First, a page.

Frontpage Interview's guest today is John C. Wohlstetter, a Senior Fellow at the Discovery Institute and part of the Technology and Democracy Project. He is a Washington D.C. attorney with a career of more than 22 years working in the telecommunications sector at positions that include corporate law, communications law, national security and strategic assessment. An accomplished writer, He has written and published articles on telecommunications, national security and America's space policy for such notable publications as The American Spectator and The National Review. His blog, Letter From The Capitol, is sponsored by Discovery Institute; it covers a wide range of topics, including national security, and economic and cultural issues. He is the author of the new book, The Long War Ahead And The Short War Upon Us.
FP: John C. Wohlstetter, welcome to Frontpage Interview.
Wohlstetter: Thank you, Jamie. And thanks also to Frontpage for inviting me.
FP: What made you write this book?
Wohlstetter: As the fifth anniversary of the September 11, 2001 attacks approached, I found myself becoming more concerned that America's efforts were flagging. Partly it was because we had not seen a terror strike since 9/11. Partly it was because we were floundering badly in Iraq, with defeat appearing nearly certain--a defeat that would clearly energize jihadists worldwide. And partly it was because there are so many facets to this conflict that developing an intellectually coherent view of the full set of wars we are engaged in is difficult. I wrote the book in order to present such a cohesive view, and thus enhance readers' understanding of the various wars we fight and what might improve our chances of prevailing. I also felt that unless we motivate ourselves to devote more human and material resources we may suffer one or more avoidable WMD catastrophes.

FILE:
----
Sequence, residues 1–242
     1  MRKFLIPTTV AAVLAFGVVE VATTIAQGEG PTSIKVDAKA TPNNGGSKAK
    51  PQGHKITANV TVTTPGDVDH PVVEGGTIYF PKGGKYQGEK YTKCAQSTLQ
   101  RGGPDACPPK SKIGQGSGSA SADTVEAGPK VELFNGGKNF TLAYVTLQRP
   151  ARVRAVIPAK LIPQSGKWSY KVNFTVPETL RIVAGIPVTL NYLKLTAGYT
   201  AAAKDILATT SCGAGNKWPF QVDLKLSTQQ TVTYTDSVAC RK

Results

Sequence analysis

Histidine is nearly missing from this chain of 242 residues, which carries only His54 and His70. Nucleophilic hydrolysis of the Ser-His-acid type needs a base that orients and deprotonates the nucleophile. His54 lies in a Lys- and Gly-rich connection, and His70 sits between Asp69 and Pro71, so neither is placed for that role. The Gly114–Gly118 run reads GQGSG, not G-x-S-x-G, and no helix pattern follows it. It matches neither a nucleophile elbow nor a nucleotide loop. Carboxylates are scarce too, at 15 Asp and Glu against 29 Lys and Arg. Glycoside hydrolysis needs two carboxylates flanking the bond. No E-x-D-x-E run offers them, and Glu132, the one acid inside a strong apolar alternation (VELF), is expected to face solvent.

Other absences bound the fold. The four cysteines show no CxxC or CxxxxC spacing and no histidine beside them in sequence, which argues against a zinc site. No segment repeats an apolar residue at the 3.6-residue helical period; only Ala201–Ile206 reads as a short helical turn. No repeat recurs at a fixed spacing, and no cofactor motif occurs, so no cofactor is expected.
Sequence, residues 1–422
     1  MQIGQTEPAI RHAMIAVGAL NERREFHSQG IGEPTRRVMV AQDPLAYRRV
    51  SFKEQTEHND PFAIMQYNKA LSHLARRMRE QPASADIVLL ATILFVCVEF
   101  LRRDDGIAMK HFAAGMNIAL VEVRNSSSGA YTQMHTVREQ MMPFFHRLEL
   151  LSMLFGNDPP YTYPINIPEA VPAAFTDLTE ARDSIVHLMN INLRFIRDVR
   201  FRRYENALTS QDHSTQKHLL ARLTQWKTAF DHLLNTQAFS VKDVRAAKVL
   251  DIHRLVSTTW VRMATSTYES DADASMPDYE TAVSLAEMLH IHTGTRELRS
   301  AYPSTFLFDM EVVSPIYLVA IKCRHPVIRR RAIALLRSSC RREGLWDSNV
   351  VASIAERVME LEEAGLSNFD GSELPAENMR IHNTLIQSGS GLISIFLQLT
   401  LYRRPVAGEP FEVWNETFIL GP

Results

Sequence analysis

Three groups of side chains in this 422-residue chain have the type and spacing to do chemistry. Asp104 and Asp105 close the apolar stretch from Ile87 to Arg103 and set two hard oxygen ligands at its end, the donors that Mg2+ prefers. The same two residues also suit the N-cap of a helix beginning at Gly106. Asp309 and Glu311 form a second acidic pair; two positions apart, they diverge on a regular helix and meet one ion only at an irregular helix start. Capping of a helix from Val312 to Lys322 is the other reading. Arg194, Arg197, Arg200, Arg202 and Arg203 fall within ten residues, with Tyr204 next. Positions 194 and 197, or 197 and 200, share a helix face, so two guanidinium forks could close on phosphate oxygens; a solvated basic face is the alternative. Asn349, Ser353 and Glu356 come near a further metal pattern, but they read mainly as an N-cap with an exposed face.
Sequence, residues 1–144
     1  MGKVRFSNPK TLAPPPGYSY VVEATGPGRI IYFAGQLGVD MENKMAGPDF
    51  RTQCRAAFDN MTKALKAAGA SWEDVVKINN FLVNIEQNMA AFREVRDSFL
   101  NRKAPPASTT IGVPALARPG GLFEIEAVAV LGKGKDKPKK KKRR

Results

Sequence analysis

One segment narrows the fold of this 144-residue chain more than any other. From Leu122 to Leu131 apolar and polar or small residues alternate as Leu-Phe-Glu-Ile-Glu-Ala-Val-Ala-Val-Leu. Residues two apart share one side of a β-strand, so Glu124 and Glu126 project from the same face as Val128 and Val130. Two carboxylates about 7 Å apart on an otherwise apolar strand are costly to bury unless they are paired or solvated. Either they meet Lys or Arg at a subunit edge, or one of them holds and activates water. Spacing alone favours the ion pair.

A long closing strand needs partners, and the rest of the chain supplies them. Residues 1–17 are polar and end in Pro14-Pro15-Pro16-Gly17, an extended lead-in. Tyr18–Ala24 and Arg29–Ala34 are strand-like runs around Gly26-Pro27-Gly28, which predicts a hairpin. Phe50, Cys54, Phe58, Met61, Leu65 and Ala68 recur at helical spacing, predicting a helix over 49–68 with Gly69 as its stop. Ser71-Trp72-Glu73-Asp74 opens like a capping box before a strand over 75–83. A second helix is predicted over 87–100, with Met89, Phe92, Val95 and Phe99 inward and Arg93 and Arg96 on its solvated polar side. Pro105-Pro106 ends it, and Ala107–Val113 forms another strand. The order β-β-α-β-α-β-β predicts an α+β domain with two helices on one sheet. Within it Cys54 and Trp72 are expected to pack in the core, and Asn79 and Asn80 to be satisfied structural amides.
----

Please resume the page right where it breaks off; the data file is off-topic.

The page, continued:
FP: What is the Long War and the Short War?
Wohlstetter: The Long War is a war against militant Islamofascist ideology in its several forms, one that it likely at minimum several decades in duration. It is a civilizational war of survival, but not Professor Huntington's famous "clash of civilizations," because our enemies stand only for death and destruction, while all civilizations, including the great Islamic ones, celebrate life and creation. It is, simply put, a war of survival between imperfect civilization and perfect barbarism. The Short War is a war of prevention, aimed at reducing to the smallest possible chance a successful WMD attack on American soil, or the soil of our allies.
FP: What is the main argument of your book?
Wohlstetter: My main argument is that while we are likely to prevail in the Long War, as militant Islam alienates too many of its enemies to likely win, because we are not investing enough human and material resources in the Short War we may well suffer one or more WMD attacks that will so scar free societies that eventual victory in the Long War may seem hollow.
FP: Who and what is our enemy? What is the psychology of our enemy?
Wohlstetter: Our enemies are votaries of various strains of militant Islam. Most prominent among these are the Saudi Arabian Wahabbi sect, which originated in 18th century Arabian peninsula, from Sunni Islam, which advocates a global Sunni caliphate, and the Iranian Twelver Shia, which originated in the late 9th century, and which believes that a child messiah will return after 11+ centuries and bring about a fiery judgment day. There are other militant sects, notably, the Sunni sect of Deoband, which originated in 19th century India, and strongly influenced the Taliban, and Egypt's 20th century vintage Muslim Brotherhood, which influenced al-Qaeda's top leaders. Copycat terrorist groups have spun off from al-Qaeda, or used the information from the Internet to independently emulate al-Qaeda.
FP: What do you make of how the war in Iraq is going now? What are the dangers of withdrawing prematurely as someone like Obama might do if he gets into the White House?
Wohlstetter: Iraq is fluid: the range of potential outcomes include premature withdrawal that snatches certain defeat from the jaws of possible victory, to perseverance, plus Iraqi political reform, that creates a reasonably stable, non-terror state Iraq, with US forces allowed friendly basing rights and a limited presence. Our presence did, of course, anger Islamists re Saudi Arabia. But presence is necessary to show, by example, the locals that Americans aren't like the caricatures in Arab media. The key is being close to the population, not being isolated as we were in Saudi. We make friends locally, as we are doing now in Iraq, by doing good deeds.